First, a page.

When I was young I went to a Girl Scout Camp–Meadow Mountain Ranch in Colorado–every summer. I was not an actual girl scout, but I went to this camp each summer because it felt like home away from home the instant I was there. One of the camp counselors I had when I was really little left for two years in the Peace Corps and came back two summers later. I remember how drastically she changed from the two years before.
When she left for the Peace Corps, she was a high spirited and fun loving counselor. She never stopped having intense energy and a bubbly personality. When I met her after she got back, I felt like I was staring into the eyes of a complete stranger. The way she looked at the world was completely different. I saw pain; I saw knowledge that I had yet to understand. It is amazing how perceptive I was. That I had a sense that this experience she did not need to explain or describe. I would never be able to understand her experience, but I was there to show her the world she left behind and how she could enjoy it again.
I remember asking her how her experience was in some African country I can’t remember. And then I immediately corrected myself and told her that she didn’t need to tell me “Good”. From that moment forward. I knew. Deep. Deep. Deep down inside that the Peace Corps was meant for me. I wanted to understand this counselor and so many other Americans that have had this lifestyle.
I always doubted whether I would have the ability to do the Peace Corps. Yet, here I am. Sitting in my room. In my Albanian Muslim host family’s house. In an Albanian village of 800 houses. 20 minutes by car away from Tetovo. In Macedonia. One of the smallest Balkan Countries (besides Kosovo).
My life has been full of adventures here. There is indeed a never dull moment from school, basketball practice, running, weekend traveling, and constant challenges along the way.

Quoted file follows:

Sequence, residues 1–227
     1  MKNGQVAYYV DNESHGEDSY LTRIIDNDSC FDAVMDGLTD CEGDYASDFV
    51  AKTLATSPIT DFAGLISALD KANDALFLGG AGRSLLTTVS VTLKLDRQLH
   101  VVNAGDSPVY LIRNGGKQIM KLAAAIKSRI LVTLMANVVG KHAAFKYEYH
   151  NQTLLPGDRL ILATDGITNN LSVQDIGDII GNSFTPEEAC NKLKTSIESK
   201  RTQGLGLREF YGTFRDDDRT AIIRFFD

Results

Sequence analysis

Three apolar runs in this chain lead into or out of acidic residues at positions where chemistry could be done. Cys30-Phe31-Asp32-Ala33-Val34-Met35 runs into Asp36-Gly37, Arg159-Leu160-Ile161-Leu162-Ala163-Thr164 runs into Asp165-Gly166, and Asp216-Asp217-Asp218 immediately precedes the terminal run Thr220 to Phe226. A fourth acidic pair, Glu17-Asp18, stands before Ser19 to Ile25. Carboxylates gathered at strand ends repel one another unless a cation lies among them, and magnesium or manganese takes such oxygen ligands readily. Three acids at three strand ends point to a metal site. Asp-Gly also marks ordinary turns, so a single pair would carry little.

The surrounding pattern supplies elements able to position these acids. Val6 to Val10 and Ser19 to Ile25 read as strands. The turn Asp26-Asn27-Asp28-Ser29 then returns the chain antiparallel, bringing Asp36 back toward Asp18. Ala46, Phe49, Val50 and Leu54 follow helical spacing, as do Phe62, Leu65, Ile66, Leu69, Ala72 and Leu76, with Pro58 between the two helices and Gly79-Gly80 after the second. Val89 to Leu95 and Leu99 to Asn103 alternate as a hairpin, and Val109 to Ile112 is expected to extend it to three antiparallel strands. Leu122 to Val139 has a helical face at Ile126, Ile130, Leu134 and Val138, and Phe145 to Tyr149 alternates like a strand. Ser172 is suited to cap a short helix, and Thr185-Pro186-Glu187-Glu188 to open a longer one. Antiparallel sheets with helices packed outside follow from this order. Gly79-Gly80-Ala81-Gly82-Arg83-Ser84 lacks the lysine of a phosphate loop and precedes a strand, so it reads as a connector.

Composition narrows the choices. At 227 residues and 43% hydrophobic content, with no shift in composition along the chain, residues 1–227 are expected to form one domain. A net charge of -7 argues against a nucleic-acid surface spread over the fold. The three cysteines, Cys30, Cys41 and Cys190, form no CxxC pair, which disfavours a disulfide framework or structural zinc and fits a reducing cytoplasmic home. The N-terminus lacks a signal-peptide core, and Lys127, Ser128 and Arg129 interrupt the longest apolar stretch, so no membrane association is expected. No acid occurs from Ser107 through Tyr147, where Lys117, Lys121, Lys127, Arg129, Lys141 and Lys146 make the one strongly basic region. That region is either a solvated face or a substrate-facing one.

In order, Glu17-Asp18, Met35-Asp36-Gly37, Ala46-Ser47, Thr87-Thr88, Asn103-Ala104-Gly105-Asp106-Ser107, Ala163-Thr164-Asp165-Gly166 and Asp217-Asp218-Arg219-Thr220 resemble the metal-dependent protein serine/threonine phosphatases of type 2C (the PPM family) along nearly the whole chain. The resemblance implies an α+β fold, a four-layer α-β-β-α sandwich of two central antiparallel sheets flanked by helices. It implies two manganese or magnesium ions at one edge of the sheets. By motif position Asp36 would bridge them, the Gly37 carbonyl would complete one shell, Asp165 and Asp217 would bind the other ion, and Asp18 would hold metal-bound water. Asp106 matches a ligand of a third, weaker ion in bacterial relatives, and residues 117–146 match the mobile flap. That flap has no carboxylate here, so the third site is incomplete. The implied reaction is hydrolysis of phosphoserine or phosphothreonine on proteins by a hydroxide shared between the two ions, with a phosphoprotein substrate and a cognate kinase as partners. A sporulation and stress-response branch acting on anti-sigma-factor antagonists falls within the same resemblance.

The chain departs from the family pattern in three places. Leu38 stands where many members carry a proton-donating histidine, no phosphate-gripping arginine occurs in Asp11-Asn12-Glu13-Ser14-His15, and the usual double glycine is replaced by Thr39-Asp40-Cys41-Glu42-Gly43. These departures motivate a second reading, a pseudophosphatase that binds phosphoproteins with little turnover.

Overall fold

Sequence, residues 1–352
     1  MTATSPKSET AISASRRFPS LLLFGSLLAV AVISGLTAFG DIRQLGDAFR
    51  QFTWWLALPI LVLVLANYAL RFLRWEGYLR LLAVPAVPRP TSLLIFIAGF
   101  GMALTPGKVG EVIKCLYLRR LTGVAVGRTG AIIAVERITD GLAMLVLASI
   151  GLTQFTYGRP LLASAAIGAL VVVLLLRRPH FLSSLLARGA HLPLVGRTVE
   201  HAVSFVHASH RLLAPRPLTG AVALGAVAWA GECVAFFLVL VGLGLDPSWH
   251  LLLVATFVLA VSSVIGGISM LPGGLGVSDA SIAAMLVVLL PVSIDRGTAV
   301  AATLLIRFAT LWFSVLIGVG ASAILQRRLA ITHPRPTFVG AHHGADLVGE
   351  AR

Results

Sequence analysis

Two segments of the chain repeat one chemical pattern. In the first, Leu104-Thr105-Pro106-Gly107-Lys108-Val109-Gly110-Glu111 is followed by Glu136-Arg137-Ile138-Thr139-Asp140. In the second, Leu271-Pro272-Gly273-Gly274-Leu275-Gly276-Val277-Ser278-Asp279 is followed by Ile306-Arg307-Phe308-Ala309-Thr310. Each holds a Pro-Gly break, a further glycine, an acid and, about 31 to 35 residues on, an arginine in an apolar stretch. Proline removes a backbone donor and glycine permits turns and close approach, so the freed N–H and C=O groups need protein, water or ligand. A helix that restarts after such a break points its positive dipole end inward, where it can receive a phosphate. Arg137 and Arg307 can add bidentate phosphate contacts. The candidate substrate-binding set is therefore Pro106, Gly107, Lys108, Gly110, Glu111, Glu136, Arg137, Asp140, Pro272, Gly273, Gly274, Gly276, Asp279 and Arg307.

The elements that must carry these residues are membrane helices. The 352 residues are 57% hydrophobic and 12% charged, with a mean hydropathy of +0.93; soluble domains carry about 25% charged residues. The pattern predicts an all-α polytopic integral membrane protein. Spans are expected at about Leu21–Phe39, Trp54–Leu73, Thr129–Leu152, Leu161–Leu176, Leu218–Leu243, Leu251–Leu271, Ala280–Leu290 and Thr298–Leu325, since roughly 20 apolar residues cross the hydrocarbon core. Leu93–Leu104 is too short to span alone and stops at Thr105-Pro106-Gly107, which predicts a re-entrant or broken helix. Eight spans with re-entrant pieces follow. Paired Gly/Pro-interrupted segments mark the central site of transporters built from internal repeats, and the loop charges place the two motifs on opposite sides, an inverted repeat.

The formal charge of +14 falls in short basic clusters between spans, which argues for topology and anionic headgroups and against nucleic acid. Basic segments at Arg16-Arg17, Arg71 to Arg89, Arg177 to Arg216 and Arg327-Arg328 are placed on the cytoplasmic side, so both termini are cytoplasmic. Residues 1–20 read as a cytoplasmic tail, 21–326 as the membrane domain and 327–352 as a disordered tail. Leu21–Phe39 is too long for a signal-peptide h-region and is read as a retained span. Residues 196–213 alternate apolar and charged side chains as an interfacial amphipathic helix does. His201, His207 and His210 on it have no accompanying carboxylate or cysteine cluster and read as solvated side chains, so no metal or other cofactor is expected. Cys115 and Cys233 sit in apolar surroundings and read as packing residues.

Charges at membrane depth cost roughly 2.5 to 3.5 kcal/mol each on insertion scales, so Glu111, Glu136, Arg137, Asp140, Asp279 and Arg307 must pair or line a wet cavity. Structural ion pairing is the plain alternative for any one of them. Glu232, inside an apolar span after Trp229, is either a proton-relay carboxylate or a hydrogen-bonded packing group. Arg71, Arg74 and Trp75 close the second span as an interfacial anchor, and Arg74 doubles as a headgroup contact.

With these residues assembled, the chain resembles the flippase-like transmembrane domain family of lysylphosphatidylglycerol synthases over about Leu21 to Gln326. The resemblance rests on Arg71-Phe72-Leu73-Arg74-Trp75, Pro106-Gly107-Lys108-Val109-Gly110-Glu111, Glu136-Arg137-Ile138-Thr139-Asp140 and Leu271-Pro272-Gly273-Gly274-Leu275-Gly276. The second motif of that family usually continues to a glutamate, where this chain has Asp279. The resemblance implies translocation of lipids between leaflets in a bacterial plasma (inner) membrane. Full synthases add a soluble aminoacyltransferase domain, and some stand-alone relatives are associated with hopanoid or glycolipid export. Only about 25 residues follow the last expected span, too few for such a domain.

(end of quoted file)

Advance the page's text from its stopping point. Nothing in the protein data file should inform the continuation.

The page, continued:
Several weekends ago I went skiing with 16 Peace Corps volunteers up at the Ski resort near my village. It was a delightful and hectic experience. So many volunteers in one small space, but it was amazing how this time was a delight. I got to hit the slopes…with very old skis…and just enjoy speaking English constantly.
Have discovered the golden trail near my village. A bit muddy, but this view!
Then I had a weekend filled with good-byes. My fabulous host brother departed back to Vienna. He had a short month in Macedonia during his “winter break” from school. His intelligent, fun, loving personality will be greatly missed in the family. He is indeed key glue to the family and he makes sure I understand what’s going on all the time, which is exhausting for him, but wonderful for me. I went out clubbing with him and his friend along with another volunteer in Skopje. It was interesting to see the night life there.
This last weekend I went on a grand adventure to Pristina, Kosovo, which is a Albanian country just north of me. It was absolutely amazing to tromp around a country where they speak English and Albanian. It was a glutinous weekend filled with food and glory. I ate large fists full of Mexican food, savory pizza, and adult drinks that I could not find in Macedonia. I don’t remember not grinning ear to ear the entire weekend. The group I was with was really laid back and willing to try anything. We went to a rooftop party on one of the highest points in Kosovo and I couldn’t help but stare out and taste the freedom. I am doing exactly what I am meant to do. Travel the world and live it out thoroughly.